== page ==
Various types of braid material are also available. Material selection is primarily driven by environmental or cost requirements. A layer of metal braid is usually provided, for EMI protection. Unfortunately, metal braid is subject to chafing damage and is therefore typically overbraided with a more durable protection. Two overbraiding material choices are generally available:
• PEEK (Polyetheretherketone)
PEEK is the more durable type although it is also typically more expensive. Nomex, suitably coated with a pigmented material, can be provided in various colors. Various other new materials are now becoming available and are undergoing evaluation at cutting-edge new and overhauled harness manufacturers.
The advantages of Closed Bundle harnesses are greater durability, smaller size, and reduced weight. The primary disadvantage is that most repairs are limited to the factory.
Conduit is also sometimes utilized as the outer protective layer on a harness. It can best be described as tubing through which the wires are routed. Conduit systems usually include special "transitions" to accommodate the harness bundle branches. Such designs provide the best durability and also facilitate a high degree of repairability. However, conduit designs are disadvantaged by higher cost and weight.
Overmolded (Typical Applications: Gas Turbine Engines, Landing Gear)
Some applications utilize "Overmolded" harnesses. They are a subset of Closed Bundle harnesses and are distinguished by the addition of molding over the backshell. Viton® is a typical molding material and is applied using mold presses and curing ovens. It is a very durable design, but lacks repairability in the field. In fact, the harness manufacturer is also very limited in its repair capability due to the permanence of the overmolding. Such designs are losing popularity, although they do accommodate the need for a moisture seal in some severe applications.
Due to the limited user repairability of the Closed Bundle and Overmolded designs, maintenance actions outside of the harness factory are typically focused on Open Bundle designs. The following information will describe the most important aspects of a preventative and reactive Open Bundle maintenance program. For harnesses on wing, the line maintenance is the same as in a service center except for the extent of repairability. There are instances when time is a major factor and after lengthy periods of line maintenance troubleshooting, the harness should be removed, replaced and sent to a service center for more in-depth troubleshooting and repair.
In addition, if the recommended time between overhaul has been exceeded, it is strongly recommended that harnesses be removed from the aircraft. Some engine manufacturers recommend 15,000 hours between harness overhauls. Inspection and overhaul can be provided at a qualified repair facility or ideally at a harness manufacturer's service center holding FAA Repair Authorization.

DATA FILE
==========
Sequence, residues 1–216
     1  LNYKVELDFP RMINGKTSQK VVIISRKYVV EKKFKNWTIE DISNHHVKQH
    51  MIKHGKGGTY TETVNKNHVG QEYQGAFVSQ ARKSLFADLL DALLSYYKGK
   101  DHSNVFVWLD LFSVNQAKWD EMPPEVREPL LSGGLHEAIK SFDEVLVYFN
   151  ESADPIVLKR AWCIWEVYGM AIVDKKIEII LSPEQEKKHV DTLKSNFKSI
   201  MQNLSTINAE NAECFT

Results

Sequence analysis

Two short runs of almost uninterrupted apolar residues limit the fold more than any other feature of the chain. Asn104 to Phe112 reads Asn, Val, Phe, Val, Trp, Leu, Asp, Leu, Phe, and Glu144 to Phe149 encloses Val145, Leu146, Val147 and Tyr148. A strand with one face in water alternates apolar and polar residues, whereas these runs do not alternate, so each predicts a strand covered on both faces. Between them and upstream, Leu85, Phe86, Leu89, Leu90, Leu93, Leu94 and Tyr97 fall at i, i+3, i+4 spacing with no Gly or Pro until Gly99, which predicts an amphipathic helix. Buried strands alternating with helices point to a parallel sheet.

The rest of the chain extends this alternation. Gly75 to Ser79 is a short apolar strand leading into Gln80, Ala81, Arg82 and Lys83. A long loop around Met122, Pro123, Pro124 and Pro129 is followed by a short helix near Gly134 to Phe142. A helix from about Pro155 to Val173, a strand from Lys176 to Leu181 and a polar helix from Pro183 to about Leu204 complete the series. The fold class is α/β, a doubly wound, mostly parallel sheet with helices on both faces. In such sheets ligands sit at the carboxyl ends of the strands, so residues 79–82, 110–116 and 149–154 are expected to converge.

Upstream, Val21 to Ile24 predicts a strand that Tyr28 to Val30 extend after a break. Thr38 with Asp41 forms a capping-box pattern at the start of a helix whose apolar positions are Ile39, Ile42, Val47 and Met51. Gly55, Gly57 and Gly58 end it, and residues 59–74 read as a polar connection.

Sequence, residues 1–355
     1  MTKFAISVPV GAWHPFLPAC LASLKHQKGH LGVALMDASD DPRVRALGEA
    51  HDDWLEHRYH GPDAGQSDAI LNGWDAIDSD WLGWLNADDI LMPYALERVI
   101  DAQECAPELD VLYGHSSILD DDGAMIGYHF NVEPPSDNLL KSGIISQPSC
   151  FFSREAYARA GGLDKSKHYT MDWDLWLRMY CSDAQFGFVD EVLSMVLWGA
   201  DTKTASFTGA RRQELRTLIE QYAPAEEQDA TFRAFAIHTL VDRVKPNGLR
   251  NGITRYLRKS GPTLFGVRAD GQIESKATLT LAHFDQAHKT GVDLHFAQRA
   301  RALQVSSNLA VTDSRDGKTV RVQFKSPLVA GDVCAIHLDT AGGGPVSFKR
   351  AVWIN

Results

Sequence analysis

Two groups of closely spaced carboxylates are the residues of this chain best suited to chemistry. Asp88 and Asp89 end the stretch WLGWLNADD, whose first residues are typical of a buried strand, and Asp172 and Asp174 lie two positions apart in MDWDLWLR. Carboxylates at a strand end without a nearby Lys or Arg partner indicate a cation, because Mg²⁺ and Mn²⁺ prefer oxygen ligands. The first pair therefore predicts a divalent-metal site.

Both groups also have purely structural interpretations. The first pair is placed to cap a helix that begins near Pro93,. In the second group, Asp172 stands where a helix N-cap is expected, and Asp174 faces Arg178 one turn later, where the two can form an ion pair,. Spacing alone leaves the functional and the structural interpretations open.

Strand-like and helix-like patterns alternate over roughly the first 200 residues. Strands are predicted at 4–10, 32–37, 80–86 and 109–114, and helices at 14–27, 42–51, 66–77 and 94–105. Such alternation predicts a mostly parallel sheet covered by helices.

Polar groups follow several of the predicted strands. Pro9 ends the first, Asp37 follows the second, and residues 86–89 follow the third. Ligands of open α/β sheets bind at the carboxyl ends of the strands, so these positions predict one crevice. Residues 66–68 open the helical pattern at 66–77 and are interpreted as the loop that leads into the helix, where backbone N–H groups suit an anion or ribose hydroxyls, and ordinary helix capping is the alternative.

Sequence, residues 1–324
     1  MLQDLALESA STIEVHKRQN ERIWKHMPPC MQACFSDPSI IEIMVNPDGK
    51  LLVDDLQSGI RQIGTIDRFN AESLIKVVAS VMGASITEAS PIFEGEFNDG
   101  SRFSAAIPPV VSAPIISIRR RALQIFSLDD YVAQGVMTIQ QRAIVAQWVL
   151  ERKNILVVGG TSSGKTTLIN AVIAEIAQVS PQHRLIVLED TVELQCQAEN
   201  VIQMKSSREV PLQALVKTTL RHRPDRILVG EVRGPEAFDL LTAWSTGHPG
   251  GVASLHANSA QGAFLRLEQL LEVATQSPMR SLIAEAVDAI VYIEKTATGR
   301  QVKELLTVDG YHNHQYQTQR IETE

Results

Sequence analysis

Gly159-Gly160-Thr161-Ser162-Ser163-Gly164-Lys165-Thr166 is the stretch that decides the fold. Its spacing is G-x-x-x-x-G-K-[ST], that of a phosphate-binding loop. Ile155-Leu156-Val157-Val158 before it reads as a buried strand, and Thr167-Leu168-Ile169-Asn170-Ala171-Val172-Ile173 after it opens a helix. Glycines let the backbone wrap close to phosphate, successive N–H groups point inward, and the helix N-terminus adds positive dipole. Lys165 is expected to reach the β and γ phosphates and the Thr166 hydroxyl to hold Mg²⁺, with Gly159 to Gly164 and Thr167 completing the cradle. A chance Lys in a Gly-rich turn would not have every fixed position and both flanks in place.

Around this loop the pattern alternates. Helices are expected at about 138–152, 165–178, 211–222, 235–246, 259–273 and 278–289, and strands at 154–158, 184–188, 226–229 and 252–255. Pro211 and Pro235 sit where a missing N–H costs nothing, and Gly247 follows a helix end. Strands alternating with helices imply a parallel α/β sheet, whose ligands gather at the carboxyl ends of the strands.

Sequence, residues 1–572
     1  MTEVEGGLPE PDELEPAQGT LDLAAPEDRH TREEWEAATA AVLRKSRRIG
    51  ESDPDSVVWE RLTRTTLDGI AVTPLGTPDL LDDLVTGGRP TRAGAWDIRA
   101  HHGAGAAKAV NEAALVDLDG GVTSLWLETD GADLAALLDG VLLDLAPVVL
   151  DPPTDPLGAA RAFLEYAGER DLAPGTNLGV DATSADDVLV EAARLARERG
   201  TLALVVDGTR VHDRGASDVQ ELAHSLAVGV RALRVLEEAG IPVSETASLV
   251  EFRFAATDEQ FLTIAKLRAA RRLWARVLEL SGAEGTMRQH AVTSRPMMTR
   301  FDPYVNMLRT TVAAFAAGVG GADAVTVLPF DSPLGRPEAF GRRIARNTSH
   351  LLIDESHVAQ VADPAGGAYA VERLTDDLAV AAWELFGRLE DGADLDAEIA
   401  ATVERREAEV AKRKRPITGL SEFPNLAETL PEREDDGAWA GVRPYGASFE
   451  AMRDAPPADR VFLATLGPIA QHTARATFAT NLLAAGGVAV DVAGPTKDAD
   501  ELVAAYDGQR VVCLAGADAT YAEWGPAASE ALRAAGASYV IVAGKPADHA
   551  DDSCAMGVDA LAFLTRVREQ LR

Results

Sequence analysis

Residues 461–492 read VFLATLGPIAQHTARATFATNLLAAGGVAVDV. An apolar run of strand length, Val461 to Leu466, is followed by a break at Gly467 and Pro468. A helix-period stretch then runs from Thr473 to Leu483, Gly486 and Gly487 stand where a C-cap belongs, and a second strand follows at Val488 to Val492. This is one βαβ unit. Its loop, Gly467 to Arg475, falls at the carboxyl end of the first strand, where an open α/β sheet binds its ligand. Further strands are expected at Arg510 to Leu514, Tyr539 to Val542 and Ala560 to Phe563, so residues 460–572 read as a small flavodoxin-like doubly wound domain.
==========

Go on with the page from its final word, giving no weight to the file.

On-Wing Maintenance for Open Bundle Harnesses Mounting Clamps
Check all mounting clamps to verify that they are secured properly and have the correct amount of cushion material. Ensure that the clamps are sized correctly to prevent harness axial movement. Replace any clamps with damaged cushion material or any clamps that are the incorrect size. If possible, clean any foreign material that has lodged between the clamp cushion material and the harness. Mounting clamps should be positioned to allow the harness to flow smoothly through the clamp.
Check the installation of the harness to ensure that no contact is possible with tubes, brackets, fasteners, clamps or some other external component on the aircraft. Adjust the mounting clamps to eliminate any interference. Where harnesses are mounted side by side, it may be permissible to lace the harnesses together to eliminate movement (Be sure to check the Aircraft Maintenance Manual).
Check all connectors for the correct tightness to mating components. If found loose to hand pressure, tighten the connector coupling nut with either soft-jaw pliers or a strap wrench. Also, check the backshell to connector interface for tightness. If found loose, tighten the backshell coupling nut using the same procedures.
Examine the area where the wiring exits the backshell. On most designs, the strain relief bar screws should be tight and compressed to obtain metal to metal contact. If necessary, tighten the strain relief bar screws. (Not all designs require tightening of the strain relief bar screws. Refer to the Component Maintenance Manual (CMM) for specific instructions.) The cushioning material between the strain relief bar and wiring should be in satisfactory condition. Damaged cushion material can result in chafing and should be replaced. If the harness includes a bonding clamp (hose clamp), make sure it's not loose. If necessary, tighten the hose clamp screw. All braid pigtails should be secured between the clamp and the backshell body by tightening the hose clamp.
Some older applications utilize aluminum backshells. These should be replaced with the more durable stainless steel backshells (if authorized by service bulletin or other document). Besides the backshell manufacturers and their distributors, full service harness manufacturers can also provide these components at a reasonable price and delivery.
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